Experts doubt oracular value of Federal Reserve statements
There was much discussion during Tuesday’s “Monetary Policy: Forward Guidance on the World’s Central Banks” panel on how much guidance the Federal Reserve should provide in its forecasts. Brian Sack, senior vice president and co-director of global economics at the D. E. Shaw Group, took the view that the Federal Reserve should offer additional details concerning the Federal Open Market Committee’s forecasts to make them “more informative.” Sack said an adjustment to short-term interest rates is on the horizon and urged the Fed to communicate better on this in the lead-up to potential rate hikes.
Michael Feroli, chief U.S. economist at JPMorgan, and Athanasios Orphanides, a former governor of the Central Bank of Cyprus, questioned Sack’s view. Feroli was concerned that the market would just gravitate toward the forecasts, while Orphanides said, “It is not a good idea to try and make precise statements about the Fed funds rate.” He added that as long as the Fed explains what the outlook for inflation and other metrics are, “they don’t need to be giving us point estimates of where the Fed funds rate will be.”
Feroli warned against putting too much weight on Fed statements. “It’s a bit of a risk,” Feroli said, if institutions rely too much on the communication.
The panel considered whether a credit bubble is emerging and whether that can be attributed to the Federal Reserve’s monetary policy. Cliff Noreen, president of Babson Capital Management LLC, said the factors preventing a credit bubble at this point outweigh the forces that would favor a bubble. Corporate profits are rising, Noreen said, and the volume of riskier payment-in-kind issuance, while growing, is “way more controlled.” The quality of issuance is better and defaults remain low, he said. However, Noreen said the market is overdue for a credit correction of 25 to 100 basis points.
Questions from the moderator, David Zervos, managing director and chief market strategist at Jefferies LLC, also focused on the divergence between central bank policies. Specifically, the U.S. and United Kingdom are slowly moving away from accommodation, whereas the European Central Bank and the Bank of Japan are pursuing quantitative easing policies. Orphanides explained that the euro zone has gone through a “tragic depression” over the past several years due to the political mishandling of the crisis. “It’s a political crisis that the Central Bank cannot correct – the ECB has been caught in the middle.”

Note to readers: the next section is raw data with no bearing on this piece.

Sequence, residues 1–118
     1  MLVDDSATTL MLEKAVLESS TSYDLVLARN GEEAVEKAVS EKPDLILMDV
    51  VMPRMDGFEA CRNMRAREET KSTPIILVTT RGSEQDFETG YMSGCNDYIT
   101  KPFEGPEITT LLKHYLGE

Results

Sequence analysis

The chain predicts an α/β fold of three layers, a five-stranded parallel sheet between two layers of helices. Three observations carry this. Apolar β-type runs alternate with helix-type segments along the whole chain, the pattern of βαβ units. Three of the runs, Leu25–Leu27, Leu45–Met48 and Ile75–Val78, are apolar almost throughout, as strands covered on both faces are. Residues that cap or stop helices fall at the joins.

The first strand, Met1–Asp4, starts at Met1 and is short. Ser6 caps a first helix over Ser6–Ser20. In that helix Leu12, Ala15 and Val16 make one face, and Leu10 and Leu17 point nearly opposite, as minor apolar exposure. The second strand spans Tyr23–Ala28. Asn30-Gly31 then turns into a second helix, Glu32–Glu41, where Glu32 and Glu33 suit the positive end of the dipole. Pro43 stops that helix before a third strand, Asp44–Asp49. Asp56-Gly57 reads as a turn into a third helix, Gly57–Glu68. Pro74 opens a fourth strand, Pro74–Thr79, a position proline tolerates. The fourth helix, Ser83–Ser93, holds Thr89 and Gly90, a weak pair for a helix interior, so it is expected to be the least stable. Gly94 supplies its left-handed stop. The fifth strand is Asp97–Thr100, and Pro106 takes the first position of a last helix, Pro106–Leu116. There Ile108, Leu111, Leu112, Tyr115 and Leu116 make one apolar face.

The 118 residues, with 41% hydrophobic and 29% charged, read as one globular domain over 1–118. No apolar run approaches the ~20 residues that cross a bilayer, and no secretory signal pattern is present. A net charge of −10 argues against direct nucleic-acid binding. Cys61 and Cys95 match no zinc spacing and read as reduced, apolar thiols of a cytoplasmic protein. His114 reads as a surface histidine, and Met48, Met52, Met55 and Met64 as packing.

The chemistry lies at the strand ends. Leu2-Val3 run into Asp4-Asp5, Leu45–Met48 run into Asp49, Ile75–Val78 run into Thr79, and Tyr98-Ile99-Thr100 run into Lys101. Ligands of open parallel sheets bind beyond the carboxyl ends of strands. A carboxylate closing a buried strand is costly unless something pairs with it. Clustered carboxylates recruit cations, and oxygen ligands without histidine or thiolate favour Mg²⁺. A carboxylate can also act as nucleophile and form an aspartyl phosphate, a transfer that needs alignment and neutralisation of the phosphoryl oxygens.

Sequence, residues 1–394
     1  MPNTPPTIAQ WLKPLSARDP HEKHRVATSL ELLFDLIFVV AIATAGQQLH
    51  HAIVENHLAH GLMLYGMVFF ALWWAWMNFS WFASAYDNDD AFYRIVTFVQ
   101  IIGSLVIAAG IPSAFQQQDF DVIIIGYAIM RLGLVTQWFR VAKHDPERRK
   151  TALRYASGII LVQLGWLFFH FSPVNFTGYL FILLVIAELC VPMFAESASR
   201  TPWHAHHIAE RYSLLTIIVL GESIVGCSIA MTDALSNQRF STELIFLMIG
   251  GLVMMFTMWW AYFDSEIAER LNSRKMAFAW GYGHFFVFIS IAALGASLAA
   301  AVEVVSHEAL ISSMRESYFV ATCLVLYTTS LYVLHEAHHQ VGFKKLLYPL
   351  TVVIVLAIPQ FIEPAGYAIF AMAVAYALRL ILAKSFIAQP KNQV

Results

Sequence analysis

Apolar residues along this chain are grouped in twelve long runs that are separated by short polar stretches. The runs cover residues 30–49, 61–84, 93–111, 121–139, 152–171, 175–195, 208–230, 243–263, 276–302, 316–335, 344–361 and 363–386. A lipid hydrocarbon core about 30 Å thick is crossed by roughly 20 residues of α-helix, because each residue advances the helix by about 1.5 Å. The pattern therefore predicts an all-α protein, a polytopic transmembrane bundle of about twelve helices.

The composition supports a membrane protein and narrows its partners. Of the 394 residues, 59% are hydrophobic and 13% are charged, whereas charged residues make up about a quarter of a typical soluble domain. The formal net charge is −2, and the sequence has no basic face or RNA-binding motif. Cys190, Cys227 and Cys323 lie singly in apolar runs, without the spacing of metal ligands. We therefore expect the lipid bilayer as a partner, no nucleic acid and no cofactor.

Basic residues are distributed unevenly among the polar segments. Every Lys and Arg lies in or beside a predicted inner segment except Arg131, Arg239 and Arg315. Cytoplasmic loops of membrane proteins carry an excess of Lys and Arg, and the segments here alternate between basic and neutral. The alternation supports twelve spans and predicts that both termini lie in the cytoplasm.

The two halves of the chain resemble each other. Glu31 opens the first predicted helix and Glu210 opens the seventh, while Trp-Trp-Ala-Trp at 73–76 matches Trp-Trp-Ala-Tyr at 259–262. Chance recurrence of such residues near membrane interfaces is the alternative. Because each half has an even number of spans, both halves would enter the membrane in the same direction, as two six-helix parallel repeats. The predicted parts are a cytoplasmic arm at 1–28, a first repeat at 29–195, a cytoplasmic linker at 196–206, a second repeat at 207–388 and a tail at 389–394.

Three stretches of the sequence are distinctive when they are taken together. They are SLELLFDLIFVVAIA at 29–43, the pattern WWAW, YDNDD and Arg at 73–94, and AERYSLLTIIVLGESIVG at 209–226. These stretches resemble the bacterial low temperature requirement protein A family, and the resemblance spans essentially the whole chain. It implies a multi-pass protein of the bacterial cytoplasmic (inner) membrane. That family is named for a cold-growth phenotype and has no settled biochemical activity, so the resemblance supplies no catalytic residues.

The ECB should have expanded alongside the Fed, but instead find themselves in a “lowflation” environment where nominal income is not growing. This brings into question the sustainability of debt for larger European Union economies, he said.
On the similarity between current European Central Bank policy and past policies from the Bank of Japan, Orphanides pointed out that ECB monetary policy “has been unnecessarily tighter that it should have been.” He added, “We have seen what the consequences of overly tight monetary policy has been for Japan. It’s scary to project those consequences for the EU.” The difference between the two policies, however, is that the Bank of Japan has never had to deal with the political dynamic that the ECB has to face, he said.
Sack applauded the recent aggressive moves from the Bank of Japan and the open communication of its recent regime shift, but noted that the ECB has been reluctant to take such an approach.
Orphanides also stated his worry about any central bank “operating with stars.” The “follow-us, we’re the Fed” mentality “may take us into the realm of astrology rather than science,” Orphanides warned. That being said, Zervos was quick to point out that a 1930s-vintage light fixture at the entryway at the Federal Reserve’s Eccles Building in Washington, D.C., includes a Steuben glass ring depicting the signs of the zodiac.